Eric Spiegel, president and CEO of Siemens USA, told the SelectUSA Summit audience in the nation's capital this fall that the natural gas situation in the US is "the single biggest manufacturing in the world today," but said wind power is becoming cost-competitive in some regions.

Speaking on a panel at the SelectUSA Investment Summit in Washington, D.C., this fall, Eric Spiegel, president and CEO of Siemens USA, said the company now has 130 manufacturing plants in the US. Site Selection's New Plant Database shows 36 facility investments from the company globally since Jan. 2010, 13 of them in the US, including a 50-job wind power services office in Orlando, Fla., inaugurated in Sept. 2013; a turbine manufacturing facility in Woodward, Okla., and a gear-making facility in Elgin, Ill.

Spiegel called the natural gas revolution "the single biggest manufacturing opportunity in the world today, with an estimated $110 billion being spent along the fracking, updating, midstream and downstream value chain, and that amount yet again planned for investment over the next 12 years.

"Yes, it's going to be good for the oil companies and the service companies," he said, "but the manufacturers as well. People will be building a lot of process plants to take advantage of this technology, and industry that is energy-intensive is going to be building in the US," especially, he said, when gas is three times as expensive in Europe and electricity is twice as expensive.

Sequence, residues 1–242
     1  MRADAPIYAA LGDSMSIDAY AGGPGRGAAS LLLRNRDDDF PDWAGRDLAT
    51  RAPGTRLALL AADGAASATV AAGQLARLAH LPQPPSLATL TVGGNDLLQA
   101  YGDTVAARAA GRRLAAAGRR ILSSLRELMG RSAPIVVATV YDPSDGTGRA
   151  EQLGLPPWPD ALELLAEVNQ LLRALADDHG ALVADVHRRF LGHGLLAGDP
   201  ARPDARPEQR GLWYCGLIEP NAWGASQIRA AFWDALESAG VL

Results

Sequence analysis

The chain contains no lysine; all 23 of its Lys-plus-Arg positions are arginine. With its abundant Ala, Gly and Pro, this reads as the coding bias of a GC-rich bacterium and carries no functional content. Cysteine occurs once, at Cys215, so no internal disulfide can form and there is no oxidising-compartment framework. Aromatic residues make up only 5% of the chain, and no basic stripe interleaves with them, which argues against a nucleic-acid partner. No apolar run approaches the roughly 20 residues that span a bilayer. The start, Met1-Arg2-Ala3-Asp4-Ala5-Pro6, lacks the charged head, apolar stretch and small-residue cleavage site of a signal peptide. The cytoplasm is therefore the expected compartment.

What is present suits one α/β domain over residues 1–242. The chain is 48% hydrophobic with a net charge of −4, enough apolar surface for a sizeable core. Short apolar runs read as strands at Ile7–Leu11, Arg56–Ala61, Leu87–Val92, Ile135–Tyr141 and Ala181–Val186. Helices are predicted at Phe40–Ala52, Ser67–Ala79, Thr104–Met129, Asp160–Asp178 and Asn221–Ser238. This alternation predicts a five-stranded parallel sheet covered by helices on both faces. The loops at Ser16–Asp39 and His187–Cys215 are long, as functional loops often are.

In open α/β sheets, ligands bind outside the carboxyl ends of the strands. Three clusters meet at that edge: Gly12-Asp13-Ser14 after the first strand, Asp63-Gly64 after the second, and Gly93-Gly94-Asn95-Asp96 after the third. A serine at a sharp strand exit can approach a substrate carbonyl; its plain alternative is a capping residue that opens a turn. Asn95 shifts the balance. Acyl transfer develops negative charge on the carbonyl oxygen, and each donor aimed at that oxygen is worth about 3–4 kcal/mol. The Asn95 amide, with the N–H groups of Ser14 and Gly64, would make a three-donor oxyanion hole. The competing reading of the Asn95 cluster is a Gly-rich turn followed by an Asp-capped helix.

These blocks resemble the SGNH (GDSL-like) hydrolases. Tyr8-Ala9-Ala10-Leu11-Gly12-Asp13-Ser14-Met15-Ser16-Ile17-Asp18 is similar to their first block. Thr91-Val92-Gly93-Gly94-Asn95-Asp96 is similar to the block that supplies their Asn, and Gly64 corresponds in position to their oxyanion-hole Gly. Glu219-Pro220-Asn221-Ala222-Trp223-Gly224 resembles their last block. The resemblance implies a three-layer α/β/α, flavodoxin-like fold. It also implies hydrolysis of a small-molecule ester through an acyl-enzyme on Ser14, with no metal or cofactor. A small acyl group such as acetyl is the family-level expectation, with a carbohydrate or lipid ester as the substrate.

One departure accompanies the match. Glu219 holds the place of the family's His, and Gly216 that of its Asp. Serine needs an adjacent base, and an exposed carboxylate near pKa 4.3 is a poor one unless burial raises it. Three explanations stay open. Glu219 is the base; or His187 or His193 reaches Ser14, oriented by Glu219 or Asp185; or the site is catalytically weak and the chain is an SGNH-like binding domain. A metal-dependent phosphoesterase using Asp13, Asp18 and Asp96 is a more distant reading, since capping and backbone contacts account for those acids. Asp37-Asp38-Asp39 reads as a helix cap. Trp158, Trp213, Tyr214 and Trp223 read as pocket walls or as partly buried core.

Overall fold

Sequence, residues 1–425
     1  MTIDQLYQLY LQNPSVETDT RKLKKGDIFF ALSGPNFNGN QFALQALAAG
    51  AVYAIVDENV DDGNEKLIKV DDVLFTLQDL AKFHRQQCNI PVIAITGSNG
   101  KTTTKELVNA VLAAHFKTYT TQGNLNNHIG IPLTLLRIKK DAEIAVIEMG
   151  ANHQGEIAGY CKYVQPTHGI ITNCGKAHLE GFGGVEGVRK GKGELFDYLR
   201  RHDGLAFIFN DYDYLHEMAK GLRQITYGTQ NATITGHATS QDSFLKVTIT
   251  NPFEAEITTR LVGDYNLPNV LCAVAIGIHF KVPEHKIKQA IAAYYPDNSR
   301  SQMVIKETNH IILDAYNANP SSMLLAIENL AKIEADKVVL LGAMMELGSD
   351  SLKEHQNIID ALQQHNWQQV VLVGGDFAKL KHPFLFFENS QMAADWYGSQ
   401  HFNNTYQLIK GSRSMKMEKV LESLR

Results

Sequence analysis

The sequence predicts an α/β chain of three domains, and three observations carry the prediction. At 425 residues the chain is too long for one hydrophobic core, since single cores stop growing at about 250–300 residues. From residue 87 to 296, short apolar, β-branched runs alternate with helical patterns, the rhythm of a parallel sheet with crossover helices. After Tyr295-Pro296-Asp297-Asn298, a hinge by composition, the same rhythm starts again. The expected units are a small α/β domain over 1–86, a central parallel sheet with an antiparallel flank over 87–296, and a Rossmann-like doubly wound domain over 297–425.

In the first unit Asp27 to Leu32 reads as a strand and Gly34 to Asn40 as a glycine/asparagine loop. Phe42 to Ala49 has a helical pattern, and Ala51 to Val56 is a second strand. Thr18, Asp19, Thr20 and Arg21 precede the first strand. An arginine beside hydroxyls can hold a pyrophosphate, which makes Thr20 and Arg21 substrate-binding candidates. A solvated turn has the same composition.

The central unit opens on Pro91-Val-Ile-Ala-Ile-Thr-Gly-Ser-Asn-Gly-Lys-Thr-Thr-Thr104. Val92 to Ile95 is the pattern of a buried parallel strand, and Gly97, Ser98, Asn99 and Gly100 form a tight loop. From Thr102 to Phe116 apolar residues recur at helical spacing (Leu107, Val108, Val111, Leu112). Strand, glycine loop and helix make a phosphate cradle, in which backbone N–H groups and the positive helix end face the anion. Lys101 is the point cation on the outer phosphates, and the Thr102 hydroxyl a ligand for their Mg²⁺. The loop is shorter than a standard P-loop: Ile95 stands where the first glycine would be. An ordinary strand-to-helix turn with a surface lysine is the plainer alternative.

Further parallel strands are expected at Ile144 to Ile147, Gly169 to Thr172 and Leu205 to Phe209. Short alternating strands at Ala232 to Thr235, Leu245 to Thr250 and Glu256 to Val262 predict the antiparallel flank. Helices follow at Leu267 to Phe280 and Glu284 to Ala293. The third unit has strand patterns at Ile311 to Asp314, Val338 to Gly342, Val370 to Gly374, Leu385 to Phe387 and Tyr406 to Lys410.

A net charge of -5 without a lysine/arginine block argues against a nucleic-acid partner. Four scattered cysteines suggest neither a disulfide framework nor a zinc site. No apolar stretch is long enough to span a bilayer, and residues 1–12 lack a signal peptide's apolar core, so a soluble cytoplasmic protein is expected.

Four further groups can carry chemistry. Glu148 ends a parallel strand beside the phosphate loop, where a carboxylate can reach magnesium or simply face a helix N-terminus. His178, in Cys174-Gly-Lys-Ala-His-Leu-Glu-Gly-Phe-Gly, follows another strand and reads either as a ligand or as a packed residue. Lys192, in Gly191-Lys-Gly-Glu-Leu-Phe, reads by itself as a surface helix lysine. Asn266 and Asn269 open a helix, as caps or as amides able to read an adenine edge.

But he gave renewables their due.

"In years when there is a production tax credit in place, there is a lot of wind built, and there is a tax credit for solar as well," he noted. The price of gas is a bigger issue than the PTC, he said, "but in some parts of the country, wind power is now comparable to gas technology. We know the number one job for wind and renewables is to make it more cost-competitive."

Siemens has a $12-billion backlog in offshore wind orders around the world. "Wind technology still has a ways to go," said Spiegel. "A lot of big companies out there are getting serious about taking the cost down, and I think it's getting more competitive. We brought the price down by 40 percent over the last few years. We need to bring it down more. If you get gas prices up in the $5 to $6 range, you'll see renewables become more competitive."

Natural gas was priced at around $5.50 in mid-December.

Pictured is MidAmerican Energy's Vienna wind power plant in Iowa, equipped with 44 Siemens wind turbines.
Photo copyright: 2011 MidAmerican Energy Holdings Company